Historically, European integration was conceived and developed on the basis of economic principles which can be described as ‘liberal’, even if these principles ‘were not apparent for the first two decades’, even if they left ‘enough space for governments to pursue social democratic policies’ (McGowan, 2001, 75, 78), at least until the middle of the 1980s. In the 1980s and 1990s something important happened at the heart of Europe that was comparable in its impact to the creation of the Common Market in 1957. The Single Market, the enlargement of the scope of liberalisation in new areas, the reinforcement of majority voting in the Council of Ministers, the more active role and the new dynamics of the Court and Commission (notably under Jacques Delors), the strengthening of the European Parliament, the foundation of the European Central Bank and, more generally, the impact of the Maastricht Treaty, took integration to a new level (Ferenczi, 2008, 56–62; Ross, 2009).

The revitalisation of European integration during the 1980s and 1990s had and continues to have large-scale effects on both Europeand social democratic parties. The ‘Brussels complex’, which has passed from a ‘primitive site of collective government’ to a densely institutionalised system of interrelationships (Caporaso and Sweet, 2001, 221), has functioned as a double institutional trap for the future: first, in the institutional gridlocking of the neo-liberal logic and the resulting difficulty of countering liberal solutions at the European level; and, second, by the weakening of national institutions and parties and the associated difficulty in countering neo-liberal logic at the national level (3).

Thus, what may have been initially an institutional event may produce enduring ideological results. The blind mechanics of strong complementarity and mutual neutralisation between European and national institutions (a product of the reforms of the 1980s and 1990s) made virtually inevitable the almost ‘unconditional surrender’ to liberal solutions. As a result, the new ‘asymmetric dynamic’ between social democracy and European integration (with the EU liberal policies contributing to a reorientation of national social democratic options more than vice versa) was not only the consequence of liberal ideas becoming locked in at the EU level (McGowan, 2001, 85); it was also the result of the weakening of parties and institutions at the national level, which made this locking in more solid and powerful. This double trap gave liberal economic solutions a long-term advantage.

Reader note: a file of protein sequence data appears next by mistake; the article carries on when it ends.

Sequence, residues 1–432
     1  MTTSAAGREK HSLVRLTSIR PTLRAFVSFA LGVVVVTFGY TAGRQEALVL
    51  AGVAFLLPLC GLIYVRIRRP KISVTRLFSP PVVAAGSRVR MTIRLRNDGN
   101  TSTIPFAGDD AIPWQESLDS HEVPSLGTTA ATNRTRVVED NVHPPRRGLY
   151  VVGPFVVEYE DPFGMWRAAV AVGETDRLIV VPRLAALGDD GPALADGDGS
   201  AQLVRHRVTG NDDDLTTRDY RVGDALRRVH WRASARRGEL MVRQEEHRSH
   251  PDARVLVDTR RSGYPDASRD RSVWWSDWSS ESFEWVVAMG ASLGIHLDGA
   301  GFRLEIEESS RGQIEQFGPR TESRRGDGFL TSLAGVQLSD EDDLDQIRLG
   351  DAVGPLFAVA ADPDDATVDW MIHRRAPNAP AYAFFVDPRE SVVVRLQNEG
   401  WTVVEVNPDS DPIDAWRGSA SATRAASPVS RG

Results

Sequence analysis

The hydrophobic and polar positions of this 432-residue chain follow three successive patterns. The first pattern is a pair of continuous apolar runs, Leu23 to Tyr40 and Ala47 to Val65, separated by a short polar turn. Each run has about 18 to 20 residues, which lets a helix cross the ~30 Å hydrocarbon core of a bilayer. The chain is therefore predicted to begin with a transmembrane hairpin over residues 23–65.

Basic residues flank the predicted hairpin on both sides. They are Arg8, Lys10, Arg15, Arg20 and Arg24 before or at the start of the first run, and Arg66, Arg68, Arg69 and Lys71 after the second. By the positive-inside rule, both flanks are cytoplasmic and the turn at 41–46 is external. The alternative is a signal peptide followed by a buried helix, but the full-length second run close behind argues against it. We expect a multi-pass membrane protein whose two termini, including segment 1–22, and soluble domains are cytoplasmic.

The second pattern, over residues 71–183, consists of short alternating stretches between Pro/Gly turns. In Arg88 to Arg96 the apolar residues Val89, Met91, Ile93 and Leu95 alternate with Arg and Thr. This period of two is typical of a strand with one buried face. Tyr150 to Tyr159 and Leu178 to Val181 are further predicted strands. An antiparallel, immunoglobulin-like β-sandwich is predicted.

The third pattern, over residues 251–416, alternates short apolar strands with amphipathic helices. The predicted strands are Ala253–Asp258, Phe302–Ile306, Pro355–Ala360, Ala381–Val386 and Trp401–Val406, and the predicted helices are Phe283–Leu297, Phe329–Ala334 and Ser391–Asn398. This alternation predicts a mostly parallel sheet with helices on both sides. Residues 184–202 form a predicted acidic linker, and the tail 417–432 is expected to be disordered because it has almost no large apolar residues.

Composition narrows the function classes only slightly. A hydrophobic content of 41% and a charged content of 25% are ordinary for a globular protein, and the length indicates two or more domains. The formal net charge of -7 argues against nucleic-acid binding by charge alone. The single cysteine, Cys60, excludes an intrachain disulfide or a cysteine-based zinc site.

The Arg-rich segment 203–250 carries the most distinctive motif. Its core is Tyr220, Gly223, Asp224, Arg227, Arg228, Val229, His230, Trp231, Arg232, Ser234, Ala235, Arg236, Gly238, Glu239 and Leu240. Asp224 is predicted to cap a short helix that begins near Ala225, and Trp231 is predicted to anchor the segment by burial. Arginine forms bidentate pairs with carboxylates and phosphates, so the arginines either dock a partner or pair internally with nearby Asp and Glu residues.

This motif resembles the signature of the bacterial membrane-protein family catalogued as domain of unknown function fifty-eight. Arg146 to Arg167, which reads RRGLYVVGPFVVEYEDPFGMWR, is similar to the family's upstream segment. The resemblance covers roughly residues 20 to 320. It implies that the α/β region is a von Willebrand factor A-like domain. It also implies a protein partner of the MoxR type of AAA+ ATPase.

The ‘second project of integration’ (Ryner, 2007) was a key moment in the social democratic history of the last thirty years. In the ‘great transformation’ of social democracy (Moschonas, 2002) there was a key period of extension and consolidation when disorderly effervescence took on a more stable structure, more depth and solidity. This period, and the extraordinary strengthening of the EU from 1985 until the end of the 1990s, are intimately linked. George Ross perceptively shows this critical influence: ‘the EU took the lead in enjoining its members to conform to a new world where Keynesianism was anachronistic and welfare states and industrial relations systems needed serious reform … These were the European conditions in which “Lefts” would become “Centre-Lefts”’ (Ross, 2009).


Managing the financial crisis

The neo-liberalisation of social democracy pre-dates the European Union (Lavelle, 2008, 23–4, 121, 151). Even so, the Single European Market and implementation of the Maastricht Treaty converged to create a specific trend in Europe– an accelerated and focused adjustment that made the neo-liberalisation of European social democracy deeper and more coherent. As Francis McGowan wrote, ‘European integration involves member states committing themselves to a much more robust set of rules than those which might be regarded as framing globalisation (WTO, IMF, etc). Moreover, in the detail of reforms, the imprint of the EU is much clearer than that of global pressures’ (McGowan, 2001, 98).